Making Sense of Security

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Making Sense of Security

International Kidnappings

When a loved one is among the more than 90 million Americans who travel internationally each year, it’s not unusual to hope for a phone call saying all is well. What nobody ever expects is a call demanding a ransom. But on the exceptionally rare occasion that an American is kidnapped and held overseas, an FBI-led network of experienced investigators, negotiators, and foreign liaisons are in place to assist.

The FBI’s jurisdiction in crimes or terrorist attacks against Americans abroad dates back more than three decades, to the mid 1980s, when Congress passed laws authorizing the Bureau to investigate hostage-taking and kidnappings of Americans overseas. That doesn’t mean the FBI handles these cases alone, however; it relies heavily on foreign partners in host countries, as well as other U.S. agencies with a global footprint. And while every kidnapping or hostage case presents unique and challenging circumstances, the goal is always the same.

“The main goal is recovery of the victim,” said Jerald Burkin, head of the FBI’s International Violent Crimes Unit, which oversees criminal investigations of international kidnappings and hostage-takings. “But then after that, we want the prosecution of the bad guys.”

International kidnapping and hostage cases generally fall into two categories—criminals seeking a ransom for captive Americans, or terrorist organizations like al Qaeda and ISIL making similar demands. Both are inherently challenging, since the longstanding U.S. policy is to not pay hostage ransoms. But the latter cases can take much longer to resolve.

To provide better coordination in complex cases and continued support to the families of the victims, the White House in 2015 established the Hostage Recovery Fusion Cell (HRFC) at FBI Headquarters, which is made up of specialists from the FBI, the Department of State, the Department of Defense, and other U.S. agencies with strong overseas relationships.

“All kidnappings have the resources of the HRFC available,” said Matt Ploskunak, a special agent in the fusion cell. “That’s the whole-of-government approach to getting people back.”

Since the HRFC’s inception four years ago, more than 200 kidnapped American citizens have been recovered. And the Bureau continues to work to bring home kidnapping victims who are still being held hostage overseas.

When someone in the U.S. gets a ransom call from overseas and they reach out to law enforcement or a U.S. Embassy for help, it sets in motion a well-honed process. The nearest FBI field office, in coordination with Headquarters’ Criminal Investigative and International Operations divisions, sends special agents, hostage negotiators, and victim specialists to meet with the family that received the call. In some cases, specially trained negotiators from the FBI’s Critical Incident Response Group are dispatched to assist on the case. Agents work with family members, offering guidance through the trying process.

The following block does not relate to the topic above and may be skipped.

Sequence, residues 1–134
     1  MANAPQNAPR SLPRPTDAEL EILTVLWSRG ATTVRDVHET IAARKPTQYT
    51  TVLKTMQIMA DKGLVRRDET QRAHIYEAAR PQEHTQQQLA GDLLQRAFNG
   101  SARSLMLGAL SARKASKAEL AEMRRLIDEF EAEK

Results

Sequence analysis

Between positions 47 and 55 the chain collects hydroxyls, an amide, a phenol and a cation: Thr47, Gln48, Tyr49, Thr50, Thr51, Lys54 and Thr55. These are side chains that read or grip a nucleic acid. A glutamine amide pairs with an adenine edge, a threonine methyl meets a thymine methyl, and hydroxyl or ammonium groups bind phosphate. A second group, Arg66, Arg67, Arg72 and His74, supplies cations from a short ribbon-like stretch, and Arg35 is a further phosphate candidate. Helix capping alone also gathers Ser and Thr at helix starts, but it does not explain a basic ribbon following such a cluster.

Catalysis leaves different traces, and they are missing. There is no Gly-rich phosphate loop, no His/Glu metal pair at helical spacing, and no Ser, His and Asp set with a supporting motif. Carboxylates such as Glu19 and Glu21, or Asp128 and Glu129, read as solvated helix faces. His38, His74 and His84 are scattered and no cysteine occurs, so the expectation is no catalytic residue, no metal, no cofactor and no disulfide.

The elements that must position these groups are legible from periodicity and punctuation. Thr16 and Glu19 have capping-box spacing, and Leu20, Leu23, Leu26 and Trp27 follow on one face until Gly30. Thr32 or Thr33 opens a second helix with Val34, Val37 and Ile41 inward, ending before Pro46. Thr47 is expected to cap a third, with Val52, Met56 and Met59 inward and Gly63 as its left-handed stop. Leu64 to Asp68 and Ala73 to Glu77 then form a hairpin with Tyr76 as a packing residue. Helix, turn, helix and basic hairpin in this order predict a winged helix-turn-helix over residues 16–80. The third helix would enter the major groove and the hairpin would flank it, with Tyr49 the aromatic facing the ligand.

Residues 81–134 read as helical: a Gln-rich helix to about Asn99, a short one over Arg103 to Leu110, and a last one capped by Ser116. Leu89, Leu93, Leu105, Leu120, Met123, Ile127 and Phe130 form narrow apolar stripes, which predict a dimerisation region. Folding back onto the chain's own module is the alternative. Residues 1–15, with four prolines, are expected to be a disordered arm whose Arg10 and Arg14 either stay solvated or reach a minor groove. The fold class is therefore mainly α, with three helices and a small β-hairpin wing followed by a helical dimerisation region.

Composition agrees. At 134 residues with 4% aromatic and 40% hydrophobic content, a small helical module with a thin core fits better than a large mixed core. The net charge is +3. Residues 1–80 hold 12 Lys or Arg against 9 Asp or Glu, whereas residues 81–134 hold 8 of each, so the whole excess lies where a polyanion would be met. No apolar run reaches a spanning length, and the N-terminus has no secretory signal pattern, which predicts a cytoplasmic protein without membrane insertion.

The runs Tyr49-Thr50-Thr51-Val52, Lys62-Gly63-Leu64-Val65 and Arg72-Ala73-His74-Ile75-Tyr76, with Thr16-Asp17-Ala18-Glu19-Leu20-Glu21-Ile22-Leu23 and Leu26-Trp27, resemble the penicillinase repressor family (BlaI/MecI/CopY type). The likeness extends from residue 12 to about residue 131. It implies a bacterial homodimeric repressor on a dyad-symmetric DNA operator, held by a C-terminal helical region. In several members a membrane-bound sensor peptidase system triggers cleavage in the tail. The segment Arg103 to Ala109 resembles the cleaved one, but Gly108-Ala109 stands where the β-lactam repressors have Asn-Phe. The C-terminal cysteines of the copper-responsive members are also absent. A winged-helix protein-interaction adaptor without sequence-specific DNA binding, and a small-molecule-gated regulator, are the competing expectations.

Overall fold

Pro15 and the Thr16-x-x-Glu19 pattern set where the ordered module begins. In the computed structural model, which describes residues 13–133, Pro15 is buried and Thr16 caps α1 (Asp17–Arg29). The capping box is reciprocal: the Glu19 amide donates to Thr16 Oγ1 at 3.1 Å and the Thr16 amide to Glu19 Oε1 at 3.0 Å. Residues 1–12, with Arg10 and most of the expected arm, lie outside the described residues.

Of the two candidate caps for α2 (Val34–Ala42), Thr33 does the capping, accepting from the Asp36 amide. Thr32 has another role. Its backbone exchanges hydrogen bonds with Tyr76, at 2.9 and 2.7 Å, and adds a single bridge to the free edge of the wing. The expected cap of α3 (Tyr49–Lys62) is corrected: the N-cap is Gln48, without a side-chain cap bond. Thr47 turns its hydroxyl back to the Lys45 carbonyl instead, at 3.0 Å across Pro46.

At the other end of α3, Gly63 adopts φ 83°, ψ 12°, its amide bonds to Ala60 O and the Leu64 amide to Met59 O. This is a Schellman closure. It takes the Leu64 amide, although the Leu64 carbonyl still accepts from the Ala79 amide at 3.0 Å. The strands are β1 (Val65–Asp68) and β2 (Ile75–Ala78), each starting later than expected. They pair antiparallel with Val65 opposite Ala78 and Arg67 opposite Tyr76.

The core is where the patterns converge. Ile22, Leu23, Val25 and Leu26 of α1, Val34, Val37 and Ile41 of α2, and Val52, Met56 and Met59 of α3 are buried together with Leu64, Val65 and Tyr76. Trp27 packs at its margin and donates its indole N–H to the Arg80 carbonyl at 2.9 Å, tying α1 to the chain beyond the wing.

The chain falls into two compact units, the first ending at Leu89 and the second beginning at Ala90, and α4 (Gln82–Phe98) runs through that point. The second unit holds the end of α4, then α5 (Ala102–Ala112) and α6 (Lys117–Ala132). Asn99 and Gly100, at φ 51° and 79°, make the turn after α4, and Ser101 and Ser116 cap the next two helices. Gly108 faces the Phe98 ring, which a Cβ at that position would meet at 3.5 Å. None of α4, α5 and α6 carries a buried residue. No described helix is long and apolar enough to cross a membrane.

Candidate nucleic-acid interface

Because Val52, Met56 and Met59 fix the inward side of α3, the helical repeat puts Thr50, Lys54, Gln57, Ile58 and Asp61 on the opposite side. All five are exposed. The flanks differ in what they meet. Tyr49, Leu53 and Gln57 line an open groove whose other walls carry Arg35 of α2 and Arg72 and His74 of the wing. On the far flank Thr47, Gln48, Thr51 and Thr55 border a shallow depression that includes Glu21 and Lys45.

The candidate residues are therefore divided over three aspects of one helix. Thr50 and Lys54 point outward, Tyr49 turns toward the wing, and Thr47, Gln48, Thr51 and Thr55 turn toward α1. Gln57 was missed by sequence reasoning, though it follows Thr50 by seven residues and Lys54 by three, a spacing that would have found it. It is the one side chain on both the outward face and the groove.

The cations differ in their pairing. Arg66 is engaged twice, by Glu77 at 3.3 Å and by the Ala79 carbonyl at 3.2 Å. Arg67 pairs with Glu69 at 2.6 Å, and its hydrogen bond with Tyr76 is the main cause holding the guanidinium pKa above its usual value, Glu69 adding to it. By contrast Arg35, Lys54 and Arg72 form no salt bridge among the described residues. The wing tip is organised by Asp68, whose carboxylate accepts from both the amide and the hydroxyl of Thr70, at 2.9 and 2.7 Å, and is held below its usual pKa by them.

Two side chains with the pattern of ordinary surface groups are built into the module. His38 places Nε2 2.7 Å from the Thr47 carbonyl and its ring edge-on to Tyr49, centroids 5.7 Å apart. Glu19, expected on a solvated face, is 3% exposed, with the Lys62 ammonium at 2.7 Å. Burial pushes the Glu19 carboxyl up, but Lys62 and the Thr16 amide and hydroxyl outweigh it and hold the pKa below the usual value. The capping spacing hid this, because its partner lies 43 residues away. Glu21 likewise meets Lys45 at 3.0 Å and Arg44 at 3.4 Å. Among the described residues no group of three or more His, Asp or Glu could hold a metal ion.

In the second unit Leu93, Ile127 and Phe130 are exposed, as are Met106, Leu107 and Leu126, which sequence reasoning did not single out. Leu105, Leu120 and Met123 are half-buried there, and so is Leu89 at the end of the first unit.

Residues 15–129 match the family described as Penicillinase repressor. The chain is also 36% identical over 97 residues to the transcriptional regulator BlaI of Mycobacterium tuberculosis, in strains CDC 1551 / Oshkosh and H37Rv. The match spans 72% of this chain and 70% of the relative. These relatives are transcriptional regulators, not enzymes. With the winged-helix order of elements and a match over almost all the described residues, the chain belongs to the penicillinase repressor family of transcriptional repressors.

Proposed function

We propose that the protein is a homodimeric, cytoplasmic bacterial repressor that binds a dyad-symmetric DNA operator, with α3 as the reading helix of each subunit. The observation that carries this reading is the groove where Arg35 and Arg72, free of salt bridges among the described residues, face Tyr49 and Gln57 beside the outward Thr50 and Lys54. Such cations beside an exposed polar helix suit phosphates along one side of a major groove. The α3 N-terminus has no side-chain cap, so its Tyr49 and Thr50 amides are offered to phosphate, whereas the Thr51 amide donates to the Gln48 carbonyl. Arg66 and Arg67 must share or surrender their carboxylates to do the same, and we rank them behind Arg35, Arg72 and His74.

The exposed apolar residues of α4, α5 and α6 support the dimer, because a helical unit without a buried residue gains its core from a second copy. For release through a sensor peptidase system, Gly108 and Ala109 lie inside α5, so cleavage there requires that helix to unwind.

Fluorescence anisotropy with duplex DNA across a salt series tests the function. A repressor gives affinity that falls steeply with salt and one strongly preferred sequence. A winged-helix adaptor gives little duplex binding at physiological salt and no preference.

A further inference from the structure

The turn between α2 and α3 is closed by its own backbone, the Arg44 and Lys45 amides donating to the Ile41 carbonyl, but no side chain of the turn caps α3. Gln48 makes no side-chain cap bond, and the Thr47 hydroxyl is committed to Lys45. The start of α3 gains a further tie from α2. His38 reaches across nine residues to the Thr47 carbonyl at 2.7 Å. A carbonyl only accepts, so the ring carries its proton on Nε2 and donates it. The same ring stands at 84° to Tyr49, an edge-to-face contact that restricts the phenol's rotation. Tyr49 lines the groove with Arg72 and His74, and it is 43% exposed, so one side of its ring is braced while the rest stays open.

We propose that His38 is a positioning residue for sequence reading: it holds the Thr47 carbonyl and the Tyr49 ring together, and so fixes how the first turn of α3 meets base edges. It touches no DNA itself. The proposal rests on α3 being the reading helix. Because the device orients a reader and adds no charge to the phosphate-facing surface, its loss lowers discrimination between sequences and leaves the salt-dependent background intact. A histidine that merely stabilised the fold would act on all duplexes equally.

Meanwhile, in the country where a hostage is being held, the FBI’s in-country liaisons, or legal attachés, work closely with the ambassador and the U.S. Embassy team to request assistance from the country’s local law enforcement. The FBI has more than 60 legal attaché offices—managed by the Bureau’s International Operations Division—providing coverage for more than 180 countries, territories and islands. The legal attaché coordinates the FBI’s piece of an overseas investigation run by local police. “Whatever they find in their investigation, the legal attaché is going to have access to that information,” Burkin said.

In rare kidnap-for-ransom cases, and at the request of host countries, the FBI has dispatched agents from designated field offices with extraterritorial responsibility to assist host-nation investigators.

Back in the U.S., while agents run their investigation, victim specialists from the FBI’s Victim Services Division are on scene to ensure the needs of the victim’s family are being met and considered throughout the ordeal. “The victim specialists are brought in to the front end so that they have that relationship established for any follow-on care that’s needed,” Burkin said.

A hostage’s release does not mean the end of a case. Often, the host country will pursue a criminal prosecution. A robust case—built on investigative work at each end of the kidnapper’s ransom call—may lead to an offender’s extradition to the U.S. for prosecution.

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